The Department of State at that time did not approve, however, a discrimination and accordingly advised Congress that legislative measures of a discriminating character may embarrass the Government [Page 133] of the United States and unfavorably act on German public opinion.29

The subsequent passage of the Winslow bill shattered the hopes of the Austrians that some preference might be shown them in recognition of the treatment accorded to American nationals during the war and they slowly had to be reconciled to the idea that there could be no return of their property prior to the release of assets held by the Alien Property Custodian in the name of German owners, as the problem concerning the enemy property must be dealt with simultaneously. But a continuous retention of Austrian after the release of German property was never seen within the scope of possibility and therefore the introduction of the Mills bill in its present shape dealt a heavy blow on the expectations of the Austrian people, who in their hard struggle for economic recovery are welcoming every encouraging offer by the outer world.

There are two reasons given in the statement of the Treasury Department for the failure of including Austrian property in the present bill, viz:

While a commission has been constituted in the case of Austria and claims are being received, the period of limitation for filing claims has not run, and no estimate can be made of the total amount of claims which will be presented or the probable amount of awards thereunder.
In addition, the Dawes plan provides for payments by Germany to the United States on account of the awards, but there is no like arrangement for payment by Austria.

As strong as these two reasons may appear in a purely technical light, they seem to lose their force of conviction under the following deliberations:

It is true that American claims against Austria have as yet not been awarded and that their total amount could therefore not be determined at the present state of affairs. It is equally true that in the case of Germany the term for filing claims has expired while it has just begun for Austria. But on the other hand the organization of the Tripartite Claims Commission experienced such an unusual delay that most of the claims against Austria had been presented at the Department of State before the beginning of its functions, which is born out by the fact that only comparatively few additional claims have been filed since the commission has been constituted. From the number, extent and nature of the claims filed and from the precedence, established in the German-American procedure, some conclusion could be arrived at. It may be stated with reasonable safety that the final extent of [Page 134] Austrian liabilities arising from the aforementioned sources will be so insignificant as compared with the large sums involved in the seized property that it hardly can have any influence or bearing on the financial plans and transactions to be adopted by the Treasury after enactment of the Mills bill. In fact, the Austrian liabilities will in all probability comprise a total which may be safely termed a “negligible quantity” in the round sums submitted to Congress by the Treasury Department, smaller even than the amount of the still unawarded German claims, which has not been considered large enough to warrant a postponement of the return of German property.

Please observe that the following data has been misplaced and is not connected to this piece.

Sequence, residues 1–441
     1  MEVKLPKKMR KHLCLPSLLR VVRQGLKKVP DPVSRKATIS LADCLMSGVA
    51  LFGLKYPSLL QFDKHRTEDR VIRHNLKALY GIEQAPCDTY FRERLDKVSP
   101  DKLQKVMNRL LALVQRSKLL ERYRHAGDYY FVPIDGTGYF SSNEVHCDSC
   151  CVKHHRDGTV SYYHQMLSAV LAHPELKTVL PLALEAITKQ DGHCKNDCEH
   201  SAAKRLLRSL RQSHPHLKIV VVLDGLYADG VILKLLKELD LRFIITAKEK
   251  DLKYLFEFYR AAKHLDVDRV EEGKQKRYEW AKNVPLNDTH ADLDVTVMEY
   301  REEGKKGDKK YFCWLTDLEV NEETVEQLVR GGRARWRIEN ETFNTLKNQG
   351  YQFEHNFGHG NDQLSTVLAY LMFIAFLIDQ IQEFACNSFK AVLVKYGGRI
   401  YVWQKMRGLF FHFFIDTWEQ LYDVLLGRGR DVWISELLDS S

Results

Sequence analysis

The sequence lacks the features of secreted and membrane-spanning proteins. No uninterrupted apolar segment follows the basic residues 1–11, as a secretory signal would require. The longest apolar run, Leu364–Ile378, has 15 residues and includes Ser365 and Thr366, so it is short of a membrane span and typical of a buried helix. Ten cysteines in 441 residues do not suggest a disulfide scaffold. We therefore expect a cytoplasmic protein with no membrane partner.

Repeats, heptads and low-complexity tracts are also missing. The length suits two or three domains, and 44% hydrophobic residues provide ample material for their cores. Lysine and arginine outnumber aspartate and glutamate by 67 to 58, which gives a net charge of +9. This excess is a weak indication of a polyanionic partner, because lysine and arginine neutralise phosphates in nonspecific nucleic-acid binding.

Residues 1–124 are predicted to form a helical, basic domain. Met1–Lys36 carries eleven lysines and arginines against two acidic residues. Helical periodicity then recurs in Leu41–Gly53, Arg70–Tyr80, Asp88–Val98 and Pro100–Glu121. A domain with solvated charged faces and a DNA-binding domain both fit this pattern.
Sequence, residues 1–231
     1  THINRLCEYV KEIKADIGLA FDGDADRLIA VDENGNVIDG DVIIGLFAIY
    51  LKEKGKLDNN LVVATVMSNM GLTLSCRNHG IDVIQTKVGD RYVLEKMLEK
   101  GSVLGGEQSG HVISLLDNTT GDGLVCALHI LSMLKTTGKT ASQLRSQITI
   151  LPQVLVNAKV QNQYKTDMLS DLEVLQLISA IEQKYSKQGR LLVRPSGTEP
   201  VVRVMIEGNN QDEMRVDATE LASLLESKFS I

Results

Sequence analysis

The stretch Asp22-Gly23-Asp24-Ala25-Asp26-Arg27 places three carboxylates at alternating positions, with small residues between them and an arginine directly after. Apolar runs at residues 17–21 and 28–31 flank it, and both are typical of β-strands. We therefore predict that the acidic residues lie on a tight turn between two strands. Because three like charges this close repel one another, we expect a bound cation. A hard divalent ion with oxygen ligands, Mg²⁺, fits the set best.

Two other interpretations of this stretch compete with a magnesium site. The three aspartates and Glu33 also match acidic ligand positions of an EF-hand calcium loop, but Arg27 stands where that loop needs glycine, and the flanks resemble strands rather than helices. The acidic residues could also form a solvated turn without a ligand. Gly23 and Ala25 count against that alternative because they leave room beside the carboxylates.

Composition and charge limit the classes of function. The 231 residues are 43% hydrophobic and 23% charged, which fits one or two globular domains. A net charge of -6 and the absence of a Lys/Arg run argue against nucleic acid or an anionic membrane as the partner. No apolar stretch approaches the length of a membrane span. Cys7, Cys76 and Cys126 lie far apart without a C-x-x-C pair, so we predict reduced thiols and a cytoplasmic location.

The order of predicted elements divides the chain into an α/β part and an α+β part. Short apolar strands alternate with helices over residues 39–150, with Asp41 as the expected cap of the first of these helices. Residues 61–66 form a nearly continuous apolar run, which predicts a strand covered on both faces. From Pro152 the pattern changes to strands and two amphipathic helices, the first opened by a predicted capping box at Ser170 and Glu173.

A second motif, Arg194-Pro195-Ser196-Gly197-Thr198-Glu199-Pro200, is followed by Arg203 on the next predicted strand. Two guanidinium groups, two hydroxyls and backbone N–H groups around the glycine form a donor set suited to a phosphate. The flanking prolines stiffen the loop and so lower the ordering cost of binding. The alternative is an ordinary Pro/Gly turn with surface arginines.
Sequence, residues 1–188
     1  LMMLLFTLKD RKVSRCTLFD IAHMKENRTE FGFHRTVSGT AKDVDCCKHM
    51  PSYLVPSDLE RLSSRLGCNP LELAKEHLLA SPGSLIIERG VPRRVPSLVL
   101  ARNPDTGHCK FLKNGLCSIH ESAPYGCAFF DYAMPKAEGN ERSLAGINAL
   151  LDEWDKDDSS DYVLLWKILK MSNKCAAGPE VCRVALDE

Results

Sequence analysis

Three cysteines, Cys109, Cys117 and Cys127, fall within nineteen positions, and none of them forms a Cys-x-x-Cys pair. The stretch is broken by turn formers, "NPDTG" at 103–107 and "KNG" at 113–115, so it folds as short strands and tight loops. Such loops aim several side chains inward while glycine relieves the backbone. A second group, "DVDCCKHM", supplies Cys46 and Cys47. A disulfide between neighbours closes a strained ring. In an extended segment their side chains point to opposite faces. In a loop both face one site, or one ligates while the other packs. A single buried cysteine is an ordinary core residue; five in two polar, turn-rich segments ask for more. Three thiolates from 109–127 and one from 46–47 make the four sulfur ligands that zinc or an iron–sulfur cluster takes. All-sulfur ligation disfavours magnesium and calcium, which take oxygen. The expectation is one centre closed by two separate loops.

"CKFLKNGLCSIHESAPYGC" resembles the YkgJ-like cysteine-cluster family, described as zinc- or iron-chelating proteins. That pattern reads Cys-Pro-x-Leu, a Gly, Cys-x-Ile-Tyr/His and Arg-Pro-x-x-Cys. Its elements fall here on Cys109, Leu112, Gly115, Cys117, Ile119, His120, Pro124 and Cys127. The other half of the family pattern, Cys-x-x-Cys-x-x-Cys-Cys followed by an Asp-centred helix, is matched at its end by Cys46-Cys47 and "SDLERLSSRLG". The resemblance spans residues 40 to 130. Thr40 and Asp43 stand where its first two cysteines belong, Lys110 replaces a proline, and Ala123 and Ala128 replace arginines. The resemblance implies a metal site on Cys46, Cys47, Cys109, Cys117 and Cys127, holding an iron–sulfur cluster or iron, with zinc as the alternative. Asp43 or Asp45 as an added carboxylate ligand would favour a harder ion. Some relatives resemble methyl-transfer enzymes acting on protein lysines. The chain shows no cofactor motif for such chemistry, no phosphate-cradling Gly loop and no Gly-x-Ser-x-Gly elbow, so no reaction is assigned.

As to the second reason I beg to recall Your Excellency’s attention to the first part of my note which deals with the 30 Million Dollars of earnings from deposits made by the Alien property Custodian with the Treasury. I am confident that a careful computation of the earnings derived from Austrian property will reveal an amount which in the future will cover a large, if not the larger portion of the total of claims to be awarded in due course to American nationals by the Tripartite Claims Commission.